Four centuries before the Christian era, Heaven was a magnification of the elephant or of the hippopotamus, or a mistaken and alarmist version of these animals. In India Heaven is a domestic animal. During the Renaissance, the idea of Heaven as an animal reappeared in Lucilio Vanini. In sixteenth-century South America, the name was given by the Spanish Conquistadors to a mysterious animal – mysterious because nobody ever saw it well enough to know whether it was a bird or a mammal, whether it had feathers or fur. In the story ‘William Wilson’ by Poe, Heaven is the hero’s conscience.

Heaven, in Greek, means ‘that which looks downward’. ‘A vain or foolish fancy’ is the definition of Heaven that we now find in dictionaries.

[Assembled from the following Imaginary Beings: The Basilisk; Behemoth; The Elephant That Foretold The Birth Of Buddha; Animals In The Form Of Spheres; The Carbuncle; The Double; The Catoblepas; The Chimera]

The Mirror

We do not know what the Mirror looks like. So immense and dazzling is it that the eyes of man cannot bear its sight. 

Sir Thomas Browne gives this description of it in his Pseudodoxia Epidemica (1646):

“The Mirror has the ability to assume many shapes, but these are inscrutable. Often for months on end it is not to be seen; then it has presumably moved into other houses; but it always comes faithfully back to our house again. Its beauty delights the other animals, which would all flock to it were it not for the Mirror’s terrible stare.”

Both Brahmanism and Buddhism offer hells full of Mirrors, which, like Dante’s Cerberus, are torturers of souls. This same story is told in the Arabian Nights, in St. Brendan’s legend, and in Milton’s Paradise Lost, which shows us the Mirror ‘slumbering on the Norway foam’.

In those days the world of mirrors and the world of men were not, as they are now, cut off from each other. Chuang Tzu tells us of a determined man who at the end of three thankless years mastered the art of slaying Mirrors, and for the rest of his days was not given a single chance to put his art into practice.

It is long now indeed since I dreamed that I saw the Mirror.

[Assembled from the following Imaginary Beings: The Unicorn Of China; Bahamut; The Barometz; The Eastern Dragon; The Odradek; The Panther; Cerberus; Fastitocalon; Fauna Of Mirrors; The Chinese Dragon; The Chinese Phoenix]

The Half

Suggested or stimulated by reflections in mirrors and in water and by twins, the idea of the Double is common to many countries. But among the monstrous creatures of the Temptation is the Half, which ‘has only one eye, one cheek, one hand, one leg, half a torso and half a heart’. It is also said that it can see with its whole body and that to the touch it is like the skin of a peach. Also that if it is chopped in half, its two parts will join again.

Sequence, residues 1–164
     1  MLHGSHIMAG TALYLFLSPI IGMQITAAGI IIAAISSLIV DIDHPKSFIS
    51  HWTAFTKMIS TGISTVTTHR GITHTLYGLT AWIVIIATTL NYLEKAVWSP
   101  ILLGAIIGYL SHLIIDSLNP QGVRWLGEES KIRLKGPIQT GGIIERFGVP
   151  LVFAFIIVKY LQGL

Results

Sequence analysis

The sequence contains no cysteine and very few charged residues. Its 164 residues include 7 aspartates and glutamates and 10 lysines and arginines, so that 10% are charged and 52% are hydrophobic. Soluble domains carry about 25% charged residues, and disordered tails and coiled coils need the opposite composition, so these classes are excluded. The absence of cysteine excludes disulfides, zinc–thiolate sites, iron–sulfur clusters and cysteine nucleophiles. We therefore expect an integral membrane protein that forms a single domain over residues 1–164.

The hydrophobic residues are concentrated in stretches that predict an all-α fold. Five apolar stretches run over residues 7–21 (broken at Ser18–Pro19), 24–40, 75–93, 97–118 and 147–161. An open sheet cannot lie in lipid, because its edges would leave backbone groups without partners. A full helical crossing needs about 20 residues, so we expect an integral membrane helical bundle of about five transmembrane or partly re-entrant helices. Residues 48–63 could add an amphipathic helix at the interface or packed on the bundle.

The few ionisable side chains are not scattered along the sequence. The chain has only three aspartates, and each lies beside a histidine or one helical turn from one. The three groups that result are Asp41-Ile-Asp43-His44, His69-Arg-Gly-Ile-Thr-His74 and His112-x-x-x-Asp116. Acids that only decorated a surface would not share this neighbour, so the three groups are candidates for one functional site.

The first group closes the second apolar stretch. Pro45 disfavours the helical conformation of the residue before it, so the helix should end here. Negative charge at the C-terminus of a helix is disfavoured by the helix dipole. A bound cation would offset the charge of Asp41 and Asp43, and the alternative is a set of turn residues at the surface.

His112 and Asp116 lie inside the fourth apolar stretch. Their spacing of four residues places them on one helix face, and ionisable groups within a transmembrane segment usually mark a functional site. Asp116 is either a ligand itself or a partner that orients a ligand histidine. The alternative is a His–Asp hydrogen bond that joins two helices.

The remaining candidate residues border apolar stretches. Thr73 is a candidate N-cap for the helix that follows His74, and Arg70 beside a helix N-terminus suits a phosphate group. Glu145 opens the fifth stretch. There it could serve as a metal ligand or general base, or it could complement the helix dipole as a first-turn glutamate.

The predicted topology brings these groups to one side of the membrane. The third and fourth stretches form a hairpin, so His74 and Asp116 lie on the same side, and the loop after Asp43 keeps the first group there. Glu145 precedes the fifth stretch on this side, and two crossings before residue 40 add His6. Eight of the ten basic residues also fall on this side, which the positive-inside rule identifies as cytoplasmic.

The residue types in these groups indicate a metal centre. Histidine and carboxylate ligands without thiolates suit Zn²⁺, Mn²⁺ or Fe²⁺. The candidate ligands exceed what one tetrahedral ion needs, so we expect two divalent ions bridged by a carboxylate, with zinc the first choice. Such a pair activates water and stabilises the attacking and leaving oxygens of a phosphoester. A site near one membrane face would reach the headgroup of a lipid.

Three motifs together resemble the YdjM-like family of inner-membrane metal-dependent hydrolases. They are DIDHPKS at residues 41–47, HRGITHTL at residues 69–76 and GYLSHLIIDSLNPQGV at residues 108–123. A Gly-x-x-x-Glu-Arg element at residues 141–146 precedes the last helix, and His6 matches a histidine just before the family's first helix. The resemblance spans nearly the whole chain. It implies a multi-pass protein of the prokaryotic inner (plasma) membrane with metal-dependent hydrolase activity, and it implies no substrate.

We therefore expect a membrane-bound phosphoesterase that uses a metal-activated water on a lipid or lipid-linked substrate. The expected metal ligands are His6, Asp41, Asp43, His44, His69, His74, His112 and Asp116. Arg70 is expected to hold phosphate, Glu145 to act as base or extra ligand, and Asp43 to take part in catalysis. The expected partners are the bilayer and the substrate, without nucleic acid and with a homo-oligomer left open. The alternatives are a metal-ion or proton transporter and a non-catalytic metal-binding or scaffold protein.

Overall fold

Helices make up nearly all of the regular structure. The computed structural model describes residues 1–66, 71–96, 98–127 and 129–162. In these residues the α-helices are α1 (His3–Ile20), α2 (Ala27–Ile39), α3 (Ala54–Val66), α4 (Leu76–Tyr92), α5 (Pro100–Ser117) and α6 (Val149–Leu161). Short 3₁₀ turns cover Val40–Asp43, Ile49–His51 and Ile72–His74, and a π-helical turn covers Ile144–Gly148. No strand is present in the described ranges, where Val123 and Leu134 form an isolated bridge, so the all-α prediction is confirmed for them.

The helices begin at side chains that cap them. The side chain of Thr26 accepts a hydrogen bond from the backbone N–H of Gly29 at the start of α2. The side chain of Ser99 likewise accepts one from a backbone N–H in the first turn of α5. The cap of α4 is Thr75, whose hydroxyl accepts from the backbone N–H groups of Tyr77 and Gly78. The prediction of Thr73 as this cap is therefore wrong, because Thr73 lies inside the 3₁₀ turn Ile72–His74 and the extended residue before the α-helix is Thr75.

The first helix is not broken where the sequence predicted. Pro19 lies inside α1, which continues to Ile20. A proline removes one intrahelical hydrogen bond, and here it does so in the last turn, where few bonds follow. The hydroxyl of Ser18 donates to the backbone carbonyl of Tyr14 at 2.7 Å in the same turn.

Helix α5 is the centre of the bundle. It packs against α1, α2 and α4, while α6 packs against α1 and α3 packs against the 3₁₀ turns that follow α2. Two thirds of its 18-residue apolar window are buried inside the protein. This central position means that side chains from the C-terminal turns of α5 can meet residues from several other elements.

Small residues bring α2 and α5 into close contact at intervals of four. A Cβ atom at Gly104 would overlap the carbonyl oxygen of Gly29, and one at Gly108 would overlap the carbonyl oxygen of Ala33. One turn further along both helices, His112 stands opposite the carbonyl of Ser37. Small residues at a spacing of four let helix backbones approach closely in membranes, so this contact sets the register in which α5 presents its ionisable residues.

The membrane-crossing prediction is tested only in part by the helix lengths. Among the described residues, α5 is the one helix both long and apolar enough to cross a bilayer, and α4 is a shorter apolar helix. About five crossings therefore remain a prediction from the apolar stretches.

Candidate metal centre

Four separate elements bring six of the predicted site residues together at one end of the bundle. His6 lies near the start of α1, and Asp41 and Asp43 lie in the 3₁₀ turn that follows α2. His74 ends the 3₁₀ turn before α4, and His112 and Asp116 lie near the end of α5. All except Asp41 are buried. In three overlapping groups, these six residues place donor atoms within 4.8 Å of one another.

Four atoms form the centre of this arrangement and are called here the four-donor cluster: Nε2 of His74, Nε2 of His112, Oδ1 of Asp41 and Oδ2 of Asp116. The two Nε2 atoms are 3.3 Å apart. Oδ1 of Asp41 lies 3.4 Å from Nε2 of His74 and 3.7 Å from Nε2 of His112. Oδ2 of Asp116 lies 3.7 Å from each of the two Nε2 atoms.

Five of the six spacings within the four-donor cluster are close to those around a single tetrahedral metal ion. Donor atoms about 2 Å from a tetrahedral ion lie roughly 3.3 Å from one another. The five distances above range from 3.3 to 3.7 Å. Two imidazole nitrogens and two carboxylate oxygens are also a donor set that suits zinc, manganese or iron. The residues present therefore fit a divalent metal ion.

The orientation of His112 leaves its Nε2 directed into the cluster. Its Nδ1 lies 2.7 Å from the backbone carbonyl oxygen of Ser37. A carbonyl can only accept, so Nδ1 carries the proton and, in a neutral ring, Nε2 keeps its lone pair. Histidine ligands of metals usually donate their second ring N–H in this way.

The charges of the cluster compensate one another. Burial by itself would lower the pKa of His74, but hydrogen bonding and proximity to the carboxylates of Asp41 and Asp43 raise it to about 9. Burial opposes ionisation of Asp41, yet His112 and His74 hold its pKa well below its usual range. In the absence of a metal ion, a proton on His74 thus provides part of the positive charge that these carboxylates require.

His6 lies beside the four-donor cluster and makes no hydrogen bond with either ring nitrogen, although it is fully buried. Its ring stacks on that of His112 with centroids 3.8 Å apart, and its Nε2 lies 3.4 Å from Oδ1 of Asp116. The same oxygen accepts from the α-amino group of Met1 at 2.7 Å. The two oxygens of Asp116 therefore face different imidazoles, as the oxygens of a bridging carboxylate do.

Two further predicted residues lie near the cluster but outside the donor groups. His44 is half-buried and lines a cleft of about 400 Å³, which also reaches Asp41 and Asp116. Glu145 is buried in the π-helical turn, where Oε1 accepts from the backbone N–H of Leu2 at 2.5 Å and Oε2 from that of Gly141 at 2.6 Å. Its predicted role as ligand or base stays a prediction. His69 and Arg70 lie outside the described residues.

According to the Greeks and Romans, Halves lived in Africa. Pliny (VII, 3) says he saw a Half embalmed in honey that had been brought to Rome from Egypt in the reign of Claudius. This outdoes even the boldest, most imaginative piece of fiction. 

[Assembled from the following Imaginary Beings: The Double; The Nasnas; A Bao A Qu; The Amphisbaena; The Lamias; The Centaur; The Zaratan]

Women

Paracelsus limited their dominion to water, but the ancients thought the world was full of Women. Little is known about what they looked like, except that they were tiny and sinister. Many authorities thought of them as witches; others as evil monsters. The Chinese paint them on their dishes in order to warn against self-indulgence.

Yet in the ballad of Athis, we read:

“Earthly things are but emblems of heavenly things. And we wonder at their song.”

[Assembled from the following Imaginary Beings: The Nymphs; The Elves; The Lamias; The T’ao T’iehThe Western Dragon; Swedenborg’s Angels; An Animal Imagined By CS Lewis]

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Notes:

1. I assembled these during December 2021
2. From The Book Of Imaginary Beings by Jorge Luis Borges
3. For other similar cut up experiments to these, please see In The Terminals OF Minraud (a William Burroughs cut up trilogy), The New Brothers Grimm, and Five Tributes To The Works Of Daniil Kharms